iSelectMD, PEIA partnership to provide telemedicine services for over 180,000 members

BRIDGEPORT — More than 180,000 members of the West Virginia Public Employees Insurance Agency (PEIA) will have access to telemedicine services thanks to a recent partnership with iSelectMD.

iSelectMD is a national organization based in Hilton Head, South Carolina, that was founded in 2011.

“We started providing service in West Virginia in 2012 based out of Harrison County,” President Michael Iaquinta said. “We started with the Harrison County employee pool, and we’ve been cultivating a relationship with PEIA for the last four years. We’ve made them aware of our company, and we met with the leaders of PEIA.”

Iaquinta said PEIA sent out requests for proposals to iSelectMD, as well as three or four other national companies, in September. The partnership will become effective for PEIA members Feb. 13.

“I think we’ll be able to save PEIA money because instead of paying for people to go to the emergency room, they can get this done at a cheaper cost,” Dr. Robert Martino said. “It costs a lot less than a traditional visit, but you’re getting the same result a lot quicker.”

In the five years that iSelectMD has provided service in West Virginia, Iaquinta said the company has greatly improved access to care.

“If you contact our call center, a physician will call you back generally within 10 or 15 minutes,” he said. “Our doctors would review your medical history, and they will consult, diagnosis, plan treatment and, if appropriate, give a prescription, which would eliminate an unnecessary visit to a hospital room or to an urgent care center.”

While more severe medical needs would still require physical visits to a physician or to a hospital, telemedicine is extremely helpful in situations such as the flu or sinus infections.

“You would not miss time from work, and you would get better faster, and it would save you money,” Iaquinta said. “It gives them real-time access to care, and we eliminate long wait times and travel time.

“By catching illnesses early, we’re able to provide treatment faster so you’re not sick as long,” he said. “How many times have you not sought out health care because of cost or convenience?”

Telemedicine is not only cheaper from the patient perspective, but Iaquinta said it reduces general medical costs in the industry as well.

“It really reduces traffic in the emergency rooms and urgent care centers,” he said. “There could be a little boy out with there with a broken arm or another patient who significantly needs the resources of an emergency room, but can’t get in because of patients with less serious illnesses.”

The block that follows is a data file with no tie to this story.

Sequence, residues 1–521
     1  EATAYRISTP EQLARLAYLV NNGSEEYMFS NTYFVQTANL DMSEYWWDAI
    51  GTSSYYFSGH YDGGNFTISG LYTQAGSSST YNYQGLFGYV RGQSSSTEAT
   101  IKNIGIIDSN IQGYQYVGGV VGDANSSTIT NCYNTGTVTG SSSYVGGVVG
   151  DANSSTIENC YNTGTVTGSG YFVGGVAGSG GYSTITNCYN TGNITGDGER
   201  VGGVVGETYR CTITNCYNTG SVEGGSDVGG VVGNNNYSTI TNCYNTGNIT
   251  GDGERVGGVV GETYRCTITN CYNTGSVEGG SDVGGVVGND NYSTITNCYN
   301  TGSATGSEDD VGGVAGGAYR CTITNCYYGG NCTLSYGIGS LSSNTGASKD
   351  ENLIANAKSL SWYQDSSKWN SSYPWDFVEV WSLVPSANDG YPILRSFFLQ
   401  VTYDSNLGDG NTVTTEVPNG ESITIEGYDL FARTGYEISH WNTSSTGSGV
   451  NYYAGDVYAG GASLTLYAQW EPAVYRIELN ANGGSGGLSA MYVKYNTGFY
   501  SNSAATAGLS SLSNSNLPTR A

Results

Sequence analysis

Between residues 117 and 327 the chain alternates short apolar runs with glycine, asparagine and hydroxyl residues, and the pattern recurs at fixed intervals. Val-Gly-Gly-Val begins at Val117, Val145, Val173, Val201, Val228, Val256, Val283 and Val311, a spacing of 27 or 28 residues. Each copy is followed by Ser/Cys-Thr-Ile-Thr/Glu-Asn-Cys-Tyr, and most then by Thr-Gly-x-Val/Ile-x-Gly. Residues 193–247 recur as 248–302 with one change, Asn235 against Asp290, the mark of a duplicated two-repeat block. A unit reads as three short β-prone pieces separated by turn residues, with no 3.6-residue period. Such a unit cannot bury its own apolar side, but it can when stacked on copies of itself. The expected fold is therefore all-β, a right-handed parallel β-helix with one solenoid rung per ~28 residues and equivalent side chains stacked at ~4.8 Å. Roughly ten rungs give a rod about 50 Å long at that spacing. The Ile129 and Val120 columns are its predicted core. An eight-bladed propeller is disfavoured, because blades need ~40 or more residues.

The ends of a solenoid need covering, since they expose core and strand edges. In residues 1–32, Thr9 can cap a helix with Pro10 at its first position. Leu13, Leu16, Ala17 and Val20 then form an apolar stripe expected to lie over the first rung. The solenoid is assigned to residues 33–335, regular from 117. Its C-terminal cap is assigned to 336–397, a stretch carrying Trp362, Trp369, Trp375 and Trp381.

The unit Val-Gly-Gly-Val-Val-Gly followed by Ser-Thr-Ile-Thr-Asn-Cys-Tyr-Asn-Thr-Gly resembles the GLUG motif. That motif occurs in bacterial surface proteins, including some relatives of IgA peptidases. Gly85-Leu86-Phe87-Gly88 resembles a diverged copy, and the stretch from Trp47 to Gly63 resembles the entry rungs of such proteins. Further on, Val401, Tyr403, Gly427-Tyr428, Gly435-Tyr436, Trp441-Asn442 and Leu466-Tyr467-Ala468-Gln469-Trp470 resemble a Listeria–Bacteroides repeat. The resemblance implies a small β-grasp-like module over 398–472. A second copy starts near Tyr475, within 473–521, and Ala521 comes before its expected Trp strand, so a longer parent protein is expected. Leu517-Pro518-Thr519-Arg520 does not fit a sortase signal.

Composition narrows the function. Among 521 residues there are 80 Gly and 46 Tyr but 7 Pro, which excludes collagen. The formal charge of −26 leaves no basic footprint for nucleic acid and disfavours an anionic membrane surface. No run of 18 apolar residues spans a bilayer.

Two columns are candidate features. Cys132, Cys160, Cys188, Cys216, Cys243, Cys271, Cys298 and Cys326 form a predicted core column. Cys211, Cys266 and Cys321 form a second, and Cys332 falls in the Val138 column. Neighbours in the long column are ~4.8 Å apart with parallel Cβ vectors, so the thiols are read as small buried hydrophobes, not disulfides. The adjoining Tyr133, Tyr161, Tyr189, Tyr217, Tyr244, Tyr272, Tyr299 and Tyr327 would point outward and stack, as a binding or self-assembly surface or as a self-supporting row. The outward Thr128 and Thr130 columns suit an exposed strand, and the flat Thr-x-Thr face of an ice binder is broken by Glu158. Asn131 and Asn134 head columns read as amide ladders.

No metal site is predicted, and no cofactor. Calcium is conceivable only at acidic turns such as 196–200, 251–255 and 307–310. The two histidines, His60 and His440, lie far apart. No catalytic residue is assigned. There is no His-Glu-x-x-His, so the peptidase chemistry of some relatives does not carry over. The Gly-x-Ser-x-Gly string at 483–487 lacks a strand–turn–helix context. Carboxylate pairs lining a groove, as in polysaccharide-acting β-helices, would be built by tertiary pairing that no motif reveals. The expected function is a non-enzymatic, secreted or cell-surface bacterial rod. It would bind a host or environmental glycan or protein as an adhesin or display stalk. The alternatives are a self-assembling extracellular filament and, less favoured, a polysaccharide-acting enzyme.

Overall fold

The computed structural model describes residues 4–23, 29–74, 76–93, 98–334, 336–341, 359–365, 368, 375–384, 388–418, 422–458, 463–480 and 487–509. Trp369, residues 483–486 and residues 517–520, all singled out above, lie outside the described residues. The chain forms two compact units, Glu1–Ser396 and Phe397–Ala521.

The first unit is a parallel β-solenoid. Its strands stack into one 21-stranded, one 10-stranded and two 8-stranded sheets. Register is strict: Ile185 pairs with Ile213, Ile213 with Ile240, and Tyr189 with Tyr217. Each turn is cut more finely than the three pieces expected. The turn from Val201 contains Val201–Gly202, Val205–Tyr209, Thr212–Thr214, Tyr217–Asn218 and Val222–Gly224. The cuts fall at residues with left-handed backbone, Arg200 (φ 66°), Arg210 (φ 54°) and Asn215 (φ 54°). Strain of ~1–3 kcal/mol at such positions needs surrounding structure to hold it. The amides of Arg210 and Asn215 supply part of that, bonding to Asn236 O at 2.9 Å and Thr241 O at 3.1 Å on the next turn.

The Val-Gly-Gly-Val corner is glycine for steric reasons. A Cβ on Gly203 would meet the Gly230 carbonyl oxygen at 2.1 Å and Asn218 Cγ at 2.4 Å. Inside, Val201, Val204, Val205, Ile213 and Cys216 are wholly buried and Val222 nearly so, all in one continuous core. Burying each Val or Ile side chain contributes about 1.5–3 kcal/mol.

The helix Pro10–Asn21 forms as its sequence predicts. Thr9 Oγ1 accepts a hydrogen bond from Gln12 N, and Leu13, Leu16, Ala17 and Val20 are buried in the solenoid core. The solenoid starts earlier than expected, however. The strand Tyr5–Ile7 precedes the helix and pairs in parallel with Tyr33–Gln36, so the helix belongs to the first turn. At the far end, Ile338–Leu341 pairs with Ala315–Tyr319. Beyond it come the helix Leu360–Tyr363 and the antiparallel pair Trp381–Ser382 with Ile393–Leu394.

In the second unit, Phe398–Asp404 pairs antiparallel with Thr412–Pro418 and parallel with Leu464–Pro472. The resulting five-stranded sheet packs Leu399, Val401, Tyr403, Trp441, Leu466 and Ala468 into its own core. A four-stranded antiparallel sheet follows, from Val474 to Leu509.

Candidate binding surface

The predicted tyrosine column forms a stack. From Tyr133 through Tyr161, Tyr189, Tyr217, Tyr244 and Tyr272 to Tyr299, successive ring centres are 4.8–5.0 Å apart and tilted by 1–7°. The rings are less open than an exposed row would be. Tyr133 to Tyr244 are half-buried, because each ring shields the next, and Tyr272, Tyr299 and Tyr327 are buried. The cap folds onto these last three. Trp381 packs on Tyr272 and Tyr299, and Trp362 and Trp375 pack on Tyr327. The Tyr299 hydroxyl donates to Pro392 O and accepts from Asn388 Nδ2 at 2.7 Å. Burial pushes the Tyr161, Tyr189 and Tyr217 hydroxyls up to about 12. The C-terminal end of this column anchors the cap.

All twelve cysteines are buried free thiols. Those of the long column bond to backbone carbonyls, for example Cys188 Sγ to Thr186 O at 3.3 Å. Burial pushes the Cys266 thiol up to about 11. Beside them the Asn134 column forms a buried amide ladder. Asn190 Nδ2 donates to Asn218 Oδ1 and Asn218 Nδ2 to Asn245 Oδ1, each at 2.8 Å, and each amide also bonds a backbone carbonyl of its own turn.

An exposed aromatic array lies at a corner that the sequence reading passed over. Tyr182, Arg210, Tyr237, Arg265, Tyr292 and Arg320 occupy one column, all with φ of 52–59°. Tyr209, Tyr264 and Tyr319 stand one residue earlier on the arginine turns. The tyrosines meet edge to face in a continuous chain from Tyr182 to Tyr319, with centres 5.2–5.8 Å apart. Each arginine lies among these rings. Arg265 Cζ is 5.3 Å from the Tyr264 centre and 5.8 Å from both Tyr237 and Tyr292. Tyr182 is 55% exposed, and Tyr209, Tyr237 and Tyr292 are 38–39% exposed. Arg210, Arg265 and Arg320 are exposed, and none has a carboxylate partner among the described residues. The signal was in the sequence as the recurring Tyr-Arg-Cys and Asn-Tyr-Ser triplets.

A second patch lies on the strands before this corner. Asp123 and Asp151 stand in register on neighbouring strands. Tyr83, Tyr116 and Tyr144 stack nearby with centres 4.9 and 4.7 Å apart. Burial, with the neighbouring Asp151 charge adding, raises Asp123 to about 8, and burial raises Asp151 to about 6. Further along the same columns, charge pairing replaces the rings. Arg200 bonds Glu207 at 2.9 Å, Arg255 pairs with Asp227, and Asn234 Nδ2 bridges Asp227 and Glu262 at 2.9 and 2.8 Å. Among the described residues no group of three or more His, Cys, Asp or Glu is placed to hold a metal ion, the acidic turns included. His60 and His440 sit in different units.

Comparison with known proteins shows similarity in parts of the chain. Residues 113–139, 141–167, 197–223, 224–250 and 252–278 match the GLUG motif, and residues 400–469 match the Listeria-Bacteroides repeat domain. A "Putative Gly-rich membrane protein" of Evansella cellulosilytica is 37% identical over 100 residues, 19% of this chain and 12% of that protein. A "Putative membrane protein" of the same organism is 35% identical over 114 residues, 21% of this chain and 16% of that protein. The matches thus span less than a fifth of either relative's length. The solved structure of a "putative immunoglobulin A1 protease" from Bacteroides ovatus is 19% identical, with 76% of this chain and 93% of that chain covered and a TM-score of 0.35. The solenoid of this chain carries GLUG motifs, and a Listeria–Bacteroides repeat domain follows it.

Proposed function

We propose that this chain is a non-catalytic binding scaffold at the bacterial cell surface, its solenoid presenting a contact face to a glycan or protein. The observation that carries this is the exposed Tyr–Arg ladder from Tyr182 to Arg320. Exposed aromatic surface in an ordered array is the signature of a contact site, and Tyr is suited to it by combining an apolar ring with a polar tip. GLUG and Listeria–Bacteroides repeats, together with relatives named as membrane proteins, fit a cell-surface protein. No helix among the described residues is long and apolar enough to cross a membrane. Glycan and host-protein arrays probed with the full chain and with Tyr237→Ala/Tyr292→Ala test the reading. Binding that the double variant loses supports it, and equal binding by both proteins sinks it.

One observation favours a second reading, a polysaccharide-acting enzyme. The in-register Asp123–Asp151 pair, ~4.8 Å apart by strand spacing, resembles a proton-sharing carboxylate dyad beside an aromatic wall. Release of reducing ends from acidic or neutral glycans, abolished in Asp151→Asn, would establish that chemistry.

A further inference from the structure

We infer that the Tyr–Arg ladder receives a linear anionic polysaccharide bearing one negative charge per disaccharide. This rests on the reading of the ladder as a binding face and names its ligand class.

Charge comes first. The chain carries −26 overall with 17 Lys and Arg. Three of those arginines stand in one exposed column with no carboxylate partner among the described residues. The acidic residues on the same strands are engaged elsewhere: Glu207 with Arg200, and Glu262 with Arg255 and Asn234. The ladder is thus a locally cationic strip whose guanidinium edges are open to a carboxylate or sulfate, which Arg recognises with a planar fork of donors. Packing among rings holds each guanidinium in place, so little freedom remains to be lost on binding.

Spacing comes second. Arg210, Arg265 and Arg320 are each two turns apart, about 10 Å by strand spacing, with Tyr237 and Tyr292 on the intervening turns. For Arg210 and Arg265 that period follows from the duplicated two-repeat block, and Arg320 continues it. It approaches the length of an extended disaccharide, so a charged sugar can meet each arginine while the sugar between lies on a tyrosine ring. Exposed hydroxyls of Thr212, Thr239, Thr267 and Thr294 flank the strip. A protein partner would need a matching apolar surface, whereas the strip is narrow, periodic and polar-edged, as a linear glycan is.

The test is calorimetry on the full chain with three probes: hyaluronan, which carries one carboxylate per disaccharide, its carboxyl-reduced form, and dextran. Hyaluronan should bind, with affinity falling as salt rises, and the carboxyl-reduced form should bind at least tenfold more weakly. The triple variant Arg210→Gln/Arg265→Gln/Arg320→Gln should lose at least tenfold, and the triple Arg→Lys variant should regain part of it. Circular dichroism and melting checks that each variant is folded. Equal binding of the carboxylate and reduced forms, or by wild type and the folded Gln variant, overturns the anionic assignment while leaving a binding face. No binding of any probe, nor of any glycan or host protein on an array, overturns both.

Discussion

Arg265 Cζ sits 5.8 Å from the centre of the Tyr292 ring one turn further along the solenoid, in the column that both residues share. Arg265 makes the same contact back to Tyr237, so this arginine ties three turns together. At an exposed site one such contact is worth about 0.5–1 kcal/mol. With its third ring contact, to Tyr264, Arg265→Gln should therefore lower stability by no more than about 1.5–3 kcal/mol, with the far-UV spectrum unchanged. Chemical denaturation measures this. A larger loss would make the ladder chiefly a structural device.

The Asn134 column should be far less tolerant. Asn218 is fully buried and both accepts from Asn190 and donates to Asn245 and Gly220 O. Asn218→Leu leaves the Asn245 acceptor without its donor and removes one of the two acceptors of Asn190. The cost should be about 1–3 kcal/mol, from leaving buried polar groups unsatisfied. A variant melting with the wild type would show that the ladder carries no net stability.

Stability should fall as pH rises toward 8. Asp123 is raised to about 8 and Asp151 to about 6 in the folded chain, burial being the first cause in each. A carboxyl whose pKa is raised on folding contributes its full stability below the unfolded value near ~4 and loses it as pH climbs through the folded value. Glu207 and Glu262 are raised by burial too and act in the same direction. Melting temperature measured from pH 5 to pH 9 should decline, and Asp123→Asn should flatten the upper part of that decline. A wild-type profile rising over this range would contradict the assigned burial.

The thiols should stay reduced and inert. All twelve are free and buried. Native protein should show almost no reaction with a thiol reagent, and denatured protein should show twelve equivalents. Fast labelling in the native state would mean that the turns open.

Particularly with emergency room visits, the cost can be significant for patients, Martino said.

“If we can prevent someone from going to the emergency room, that will save them $400 to $1,200 a visit,” he said. “Imagine what kind of savings that would be for a statewide population.”

It could reduce statewide spending as well, Iaquinta said.

“For every $1 spent in telemedicine, that is equivalent to $5 spent in traditional visits,” he said. “Where a traditional doctor visit would cost $150 to $300, with a telemedicine visit, the cost never exceeds $47.”

Martino said he has already heard great feedback from patients using iSelectMD.

“After you use it once, you use it all the time. We’ve got testimonials, and patients just love it,” he said. “Patients say their doctor spent more time with them than they did in a traditional visit. You’re talking one on one with the doctor, and you’re not having any distractions.”

Having such technology available in West Virginia is significant, as many parts of the state are rural and have limited access to health care.

“There’s a doctor shortage out there. Our primary care physicians are overwhelmed, and this can take some things off their plate,” Martino said. “Instead of having to get in your car and drive an hour and a half to see a physician, you can just pick up the phone and call.”

Martino said telemedicine is a great answer to questions physicians have asked for years about how to reach those more rural areas.

“It’s also about access, even if we can’t help you,” he said. “If it’s something viral that has to pass its course, at least you know that. Having access to doctors is a big deal.”

Iaquinta hopes this partnership is only the beginning of expanding iSelectMD services in the state.

“We also are introducing legislation to provide this program not only to PEIA, but to all residents in West Virginia,” he said. “With our program, it’s provided to everybody. You don’t have to have a special relationship with a provider.”

West Virginia is at the forefront of this telemedicine trend, as iSelectMD hasn’t expanded into many states at this time. However, Martino said New Mexico has seen great success with the program.

“They’ve done a wonderful job with this, and they have saved the state millions of dollars,” he said. “We’re hoping we can replicate that kind of success here.”

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